By ANISAH ARIF
A scheme which encourages welcoming settings for post-birth women is welcomed by new mums.
Many mums can feel lonely, anxious or experience low mood. Now the launch of this scheme encourages businesses and community settings to provide a welcoming and friendly environment for women who have recently give birth to go to.
The aim of Bradford District Care NHS Foundation Trust’s ‘Compassion for Mums Well-being’ scheme is to make locations in Bradford, Airedale, Wharfedale and Craven, including cafes, museums and libraries, a place where every mum feels welcome to go to with their baby. Many women feel nervous about going out in public with their babies and may choose not to, leading to social isolation and impacting negatively on their emotional wellbeing. Perinatal mental health affects up to 20 per cent of women during pregnancy and in their first year after giving birth.
By signing up to the scheme businesses and organisations can help show they welcome and support new mums and their families by displaying an easily recognisable Compassion for Mums Well-being sticker. Organisations will also share information with their staff and volunteers about why taking part is important to support parent-infant wellbeing.
Mother-of-two Amy Harrison, aged 33, welcomed the launch of the scheme and said: “The Compassion for Mums Well-being scheme would have encouraged me to go out much earlier and meet other mums locally, which I didn’t have the confidence to do initially. I really struggled with two children for the first 12 months as I could never manage a double pram, two high chairs, feeding one and breast feeding another, changing areas, let alone eat anything myself. I sometimes found after returning from the toilet with them my table had been cleared by staff despite my pram and belongings still being there and it just wasn’t worth the hassle. A scheme like this where staff are encouraged to have empathy and an understanding would have really helped me and I’m sure other mums in a similar situation. I would definitely have done a search of local places for the identifiable sticker and would have planned to meet friends there as it would be a friendly and non-judgemental venue.”
Care Trust staff will offer short training sessions with organisations that are signed up to the scheme to help raise awareness of how they can offer warmth and compassion to mums during the perinatal period, for what can be a challenging time. Advice and awareness during the training sessions includes:
- Asking if a woman needs practical help during their time in the building, for example holding the door open to help access or carry drinks to table.
- Giving someone time and space if needed when ordering food/ drink.
- Genuinely ask if the woman is okay.
- Sometimes babies communicate by crying – be kind and patient.
Lisa Milne, Clinical Lead for Perinatal Mental Health at Bradford District Care NHS Foundation Trust, said: “I encourage our local businesses and communities to show their support, signing up only takes a minute and can make a real difference. We are also asking our mums to nominate places where they feel relaxed in the local area and we will get in touch with the places to encourage them to join the scheme. The scheme gives businesses and community settings a simple way to support children’s health and help reduce isolation which can be a real challenge for new parents.”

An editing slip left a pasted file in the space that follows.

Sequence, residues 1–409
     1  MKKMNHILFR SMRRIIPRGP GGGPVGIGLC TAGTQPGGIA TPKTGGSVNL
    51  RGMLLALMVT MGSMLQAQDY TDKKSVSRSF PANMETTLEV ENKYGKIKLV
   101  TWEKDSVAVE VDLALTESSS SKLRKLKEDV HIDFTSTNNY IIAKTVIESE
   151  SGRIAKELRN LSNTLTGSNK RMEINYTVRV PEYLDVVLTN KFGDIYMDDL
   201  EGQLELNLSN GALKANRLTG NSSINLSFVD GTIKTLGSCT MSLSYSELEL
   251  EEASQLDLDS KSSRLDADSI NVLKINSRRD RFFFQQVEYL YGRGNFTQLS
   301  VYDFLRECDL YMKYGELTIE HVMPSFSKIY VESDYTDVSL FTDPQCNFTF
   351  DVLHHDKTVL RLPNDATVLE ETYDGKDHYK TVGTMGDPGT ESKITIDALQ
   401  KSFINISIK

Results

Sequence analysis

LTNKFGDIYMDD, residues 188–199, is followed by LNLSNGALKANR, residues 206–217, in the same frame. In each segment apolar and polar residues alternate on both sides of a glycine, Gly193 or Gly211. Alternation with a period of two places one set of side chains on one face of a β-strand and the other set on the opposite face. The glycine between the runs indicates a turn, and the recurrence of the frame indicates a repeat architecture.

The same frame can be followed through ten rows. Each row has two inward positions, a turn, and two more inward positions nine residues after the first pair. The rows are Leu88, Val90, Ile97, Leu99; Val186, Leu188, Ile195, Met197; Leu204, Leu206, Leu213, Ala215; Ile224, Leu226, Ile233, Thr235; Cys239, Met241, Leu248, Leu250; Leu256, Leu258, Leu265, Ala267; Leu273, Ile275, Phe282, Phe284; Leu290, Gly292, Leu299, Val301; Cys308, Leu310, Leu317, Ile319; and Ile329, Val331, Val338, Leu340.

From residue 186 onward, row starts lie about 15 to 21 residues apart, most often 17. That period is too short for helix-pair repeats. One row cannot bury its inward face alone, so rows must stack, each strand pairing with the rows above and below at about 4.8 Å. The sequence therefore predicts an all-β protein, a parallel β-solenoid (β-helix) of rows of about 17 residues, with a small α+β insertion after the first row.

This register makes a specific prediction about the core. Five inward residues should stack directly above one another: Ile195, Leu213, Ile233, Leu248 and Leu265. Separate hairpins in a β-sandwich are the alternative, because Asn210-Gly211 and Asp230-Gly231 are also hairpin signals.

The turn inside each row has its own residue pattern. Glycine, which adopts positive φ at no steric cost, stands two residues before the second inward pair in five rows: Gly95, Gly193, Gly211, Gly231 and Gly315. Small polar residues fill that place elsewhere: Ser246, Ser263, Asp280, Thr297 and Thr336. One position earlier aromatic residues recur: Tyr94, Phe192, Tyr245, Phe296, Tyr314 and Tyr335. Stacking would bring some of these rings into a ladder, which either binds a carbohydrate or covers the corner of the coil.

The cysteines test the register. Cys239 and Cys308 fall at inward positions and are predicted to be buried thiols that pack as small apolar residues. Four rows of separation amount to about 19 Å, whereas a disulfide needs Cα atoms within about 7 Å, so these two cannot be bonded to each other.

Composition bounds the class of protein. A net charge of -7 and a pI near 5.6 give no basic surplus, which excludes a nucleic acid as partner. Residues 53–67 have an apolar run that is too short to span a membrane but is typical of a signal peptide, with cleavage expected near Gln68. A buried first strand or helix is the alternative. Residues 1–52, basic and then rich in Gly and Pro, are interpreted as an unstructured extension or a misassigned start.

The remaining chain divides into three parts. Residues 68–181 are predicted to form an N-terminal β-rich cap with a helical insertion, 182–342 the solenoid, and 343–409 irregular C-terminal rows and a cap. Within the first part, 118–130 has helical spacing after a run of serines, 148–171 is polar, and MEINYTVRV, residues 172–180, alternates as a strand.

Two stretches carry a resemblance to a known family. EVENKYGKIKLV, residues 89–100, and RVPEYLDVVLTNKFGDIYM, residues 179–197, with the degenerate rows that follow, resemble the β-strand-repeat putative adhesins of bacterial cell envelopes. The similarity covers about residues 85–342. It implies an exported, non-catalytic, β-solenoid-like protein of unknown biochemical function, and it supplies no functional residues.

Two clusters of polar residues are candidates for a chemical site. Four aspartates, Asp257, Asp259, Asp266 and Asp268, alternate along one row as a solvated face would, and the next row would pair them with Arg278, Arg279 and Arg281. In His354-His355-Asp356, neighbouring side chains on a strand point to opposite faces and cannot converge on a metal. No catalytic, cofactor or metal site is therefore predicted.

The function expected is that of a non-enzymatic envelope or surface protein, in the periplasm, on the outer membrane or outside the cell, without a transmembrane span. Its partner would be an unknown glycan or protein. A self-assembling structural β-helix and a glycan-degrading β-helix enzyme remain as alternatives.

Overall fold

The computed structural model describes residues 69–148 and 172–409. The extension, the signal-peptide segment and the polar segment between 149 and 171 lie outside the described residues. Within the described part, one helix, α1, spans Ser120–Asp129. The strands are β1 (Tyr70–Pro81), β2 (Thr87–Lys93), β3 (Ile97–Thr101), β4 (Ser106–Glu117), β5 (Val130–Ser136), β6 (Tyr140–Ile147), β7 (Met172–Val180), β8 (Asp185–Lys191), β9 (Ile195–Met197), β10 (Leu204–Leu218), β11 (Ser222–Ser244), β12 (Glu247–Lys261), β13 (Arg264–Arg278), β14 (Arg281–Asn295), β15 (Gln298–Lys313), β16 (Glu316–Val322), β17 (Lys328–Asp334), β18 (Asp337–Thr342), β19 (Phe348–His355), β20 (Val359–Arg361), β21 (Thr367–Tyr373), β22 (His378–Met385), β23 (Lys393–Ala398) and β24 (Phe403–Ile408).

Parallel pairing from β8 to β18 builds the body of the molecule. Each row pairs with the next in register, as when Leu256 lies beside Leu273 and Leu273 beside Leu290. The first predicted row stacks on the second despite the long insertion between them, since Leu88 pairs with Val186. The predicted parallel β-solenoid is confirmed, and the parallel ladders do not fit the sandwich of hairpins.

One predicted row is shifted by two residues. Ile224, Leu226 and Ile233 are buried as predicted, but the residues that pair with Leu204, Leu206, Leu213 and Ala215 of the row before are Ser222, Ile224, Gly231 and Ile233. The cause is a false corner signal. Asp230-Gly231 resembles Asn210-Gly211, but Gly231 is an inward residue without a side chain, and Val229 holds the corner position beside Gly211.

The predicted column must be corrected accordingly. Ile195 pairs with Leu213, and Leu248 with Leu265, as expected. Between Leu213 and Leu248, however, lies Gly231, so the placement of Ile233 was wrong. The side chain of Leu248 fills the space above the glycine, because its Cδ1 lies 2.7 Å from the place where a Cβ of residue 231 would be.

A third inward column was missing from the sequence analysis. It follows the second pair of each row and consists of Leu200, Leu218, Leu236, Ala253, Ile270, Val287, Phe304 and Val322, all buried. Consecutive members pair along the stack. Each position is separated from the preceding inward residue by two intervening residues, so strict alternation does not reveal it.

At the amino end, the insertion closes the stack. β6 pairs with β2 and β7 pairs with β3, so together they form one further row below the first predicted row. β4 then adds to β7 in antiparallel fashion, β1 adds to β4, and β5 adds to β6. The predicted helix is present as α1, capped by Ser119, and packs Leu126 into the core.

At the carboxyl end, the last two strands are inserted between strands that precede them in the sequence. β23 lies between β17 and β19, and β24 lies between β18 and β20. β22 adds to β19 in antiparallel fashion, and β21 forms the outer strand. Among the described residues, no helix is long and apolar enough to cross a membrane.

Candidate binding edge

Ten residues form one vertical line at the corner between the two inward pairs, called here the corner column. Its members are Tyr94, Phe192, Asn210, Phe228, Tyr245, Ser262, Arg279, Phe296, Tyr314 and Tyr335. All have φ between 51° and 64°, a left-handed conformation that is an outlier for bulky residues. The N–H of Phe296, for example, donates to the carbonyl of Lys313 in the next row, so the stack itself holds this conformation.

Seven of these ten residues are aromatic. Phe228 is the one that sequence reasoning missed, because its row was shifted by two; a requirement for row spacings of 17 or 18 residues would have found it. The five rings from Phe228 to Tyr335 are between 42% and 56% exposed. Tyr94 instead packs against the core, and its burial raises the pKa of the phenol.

New mum Kelly Gillbert, aged 34, said she hasn’t always felt comfortable going out with her baby daughter, Aria, in public, feeling anxious and isolated, but the new scheme will give her more confidence and encouragement to go out knowing there are supportive places in the community where she would feel welcomed.
Elaborating further Kelly said: “Being a mum is hard work, but being a first-time mum is even harder, you have no idea what to expect or how people are going to react to you and your baby in different environments. The first experience I had of going out with Aria was not pleasant. It took me ages to venture out with Aria alone after that. If there had of been designated places in Bradford and the surrounding areas I would have felt much more comfortable about heading out with Aria. Being a new mum can be extremely lonely and it is so important to get out and about with your baby, but it is also important that you feel safe and comfortable in doing so.
“Knowing that you could go somewhere where the staff are kind and compassionate towards mum’s takes away one of the stresses. Also, these designated places are likely to become hubs for mums which is likely to lead to new “mum friendships” which can only be a good thing.”
Mother-of-two Helen Lynskey, aged 43, said: “I was struggling with anxiety and very low confidence that affected where I felt able to take my baby and toddler. Having a scheme such as Compassion for Mum’s Well-being would have really benefited me and my children, as it would have given me extra reassurance that the place offered a bit of a safety net and was looking out for me.”
Mother of two, Claire Hill, aged 35, added: “Maternity leave can be extremely lonely, having a baby is a complete lifestyle change and when all your friends are working and socialising, you can feel isolated and left behind. I think with schemes like this, where organisations promote that they support the initiative, it would give reassurance to mums that they’re in a ‘safe’ place and who knows, they may even meet someone in the same boat along the way….”
Jo Jones, Community Perinatal Nursery Nurse at Bradford District Care NHS Foundation Trust, added: “Signing up is easy, email email@example.com to register your interest and join the scheme or to nominate a venue. All venues that sign up will receive a sticker to display in their door or window to show they are part of the scheme, they will also be included on ‘compassion for mums’ well-being’ venues.”